Why Is This Lovingly Made DIY Literary Magazine So Boring?

Why Is This Lovingly Made DIY Literary Magazine So Boring?


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I was recently sent a copy of a literary magazine; it’s published by a nonprofit organization, so it’s not technically do-it-yourself, but it has a classic DIY feel to it: the pages are photocopied and stapled, and there’s a tiny little book of poetry rubber-banded inside. The cover is fastened with velcro. It’s absolutely adorable…and boring.

The stories and poems inside aren’t bad, they’re just presented in a context that’s started to feel as predictable as the Loeb Classical Library. Are there whimsical little line drawings? Yes. Are there tiny ads for indie bookstores in the back? Yep. Are there free-verse poems about bodies and birds and seasons? Voila. Are there winners of a fiction contest? Need you ask?

There’s nothing wrong with any of this—it’s just that the whole concept of a literary magazine right now feels stuck between stations, and the more an indie magazine screams integrity and scrappiness and sincerity, the more pointless it seems. Why not start a blog and save your Xerox money for bottom-shelf whiskey?

Before the Internet, things were different. When distribution was only on paper, writers who didn’t have access to conventional publishing had to get creative. There were mailing lists for photocopied fanfic, and the zine table at your local bookstore was an essential stop if you wanted to find writing that would actually surprise you.

This cute little literary magazine feels like a relic of that era. If you’re interested in adventurous writing, why replicate the conventional publishing structure—editor, publisher, customer—in miniature? Why not climb entirely outside that box?

Today you can post a story on Tumblr, you can format and distribute your own e-book, you can write an endless free-verse poem in the form of tweets. Curation still happens, but in a decentralized way: through retweets and reblogs. Everyone is a writer, and everyone is an editor. Distribution is instant, and free. Money is hard to come by, yes—but if you’re working outside the conventional publishing world, is it really harder to come by than it is offline? Now you can launch a Kickstarter, or sell your own stuff on Amazon, or offer to send writing or art in exchange for a few bucks of Adderall money via Paypal. No copier expenses, no begging booksellers for table space.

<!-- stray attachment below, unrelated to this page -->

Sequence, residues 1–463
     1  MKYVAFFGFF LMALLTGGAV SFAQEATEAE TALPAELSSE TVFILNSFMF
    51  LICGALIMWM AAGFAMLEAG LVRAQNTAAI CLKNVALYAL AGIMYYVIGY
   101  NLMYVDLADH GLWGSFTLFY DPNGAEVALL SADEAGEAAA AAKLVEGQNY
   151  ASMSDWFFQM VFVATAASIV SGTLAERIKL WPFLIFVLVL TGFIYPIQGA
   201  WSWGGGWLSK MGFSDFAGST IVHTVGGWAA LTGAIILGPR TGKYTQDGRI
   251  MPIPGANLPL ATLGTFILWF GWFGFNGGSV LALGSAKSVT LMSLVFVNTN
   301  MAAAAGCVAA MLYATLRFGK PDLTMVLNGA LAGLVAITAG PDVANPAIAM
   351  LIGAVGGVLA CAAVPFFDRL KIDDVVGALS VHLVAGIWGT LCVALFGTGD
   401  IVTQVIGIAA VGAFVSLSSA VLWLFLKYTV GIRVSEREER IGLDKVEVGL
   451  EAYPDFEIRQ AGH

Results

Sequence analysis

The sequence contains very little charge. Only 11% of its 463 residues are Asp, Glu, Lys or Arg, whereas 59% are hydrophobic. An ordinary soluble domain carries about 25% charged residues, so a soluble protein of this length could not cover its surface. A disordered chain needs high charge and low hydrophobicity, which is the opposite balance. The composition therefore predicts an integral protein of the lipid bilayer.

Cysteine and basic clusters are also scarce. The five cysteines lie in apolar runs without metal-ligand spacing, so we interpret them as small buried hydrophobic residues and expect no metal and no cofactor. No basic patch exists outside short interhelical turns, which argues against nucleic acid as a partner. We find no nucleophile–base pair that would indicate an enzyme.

Best of all, creative writing—fiction, poetry, nonfiction—has become more diverse and exciting than ever. You genuinely don’t know what you’re going to get on Tumblr or Twitter, because anyone can use that space. You know who you’re following, but they’re constantly retweeting and reblogging people you don’t know. You can follow your favorite writers from anywhere in the world, and you can follow them right now—you don’t need to wait for them to be discovered by The New Yorker or Tin House.

I appreciate the impulse to make tangible products. It’s another way to present your work, and it adds a tactile dimension to the experience of reading. I’m glad there are still books and magazines along with the Internet, just like I’m glad there are movie theaters along with YouTube. That said, the Internet has raised the stakes for hard-copy publications: they have to add value. They can’t just exist as vessels.

To me, a lo-fi literary journal says, “Hey, isn’t it cool that I exist?” My response is, increasingly, just to shrug.

Jay Gabler

  • Would love to send you a copy of our print magazine, The Lumberyard, and see if we can’t impress you. Be in touch if you’d like to check it out.

  • Laura Littleford

    Thanks for your blog. Have you checked out http://futurebook.net/? I’m not related to them in any way, but I regularly follow their blogs to keep up with the cutting-edge, out-of-box e-publishing industry.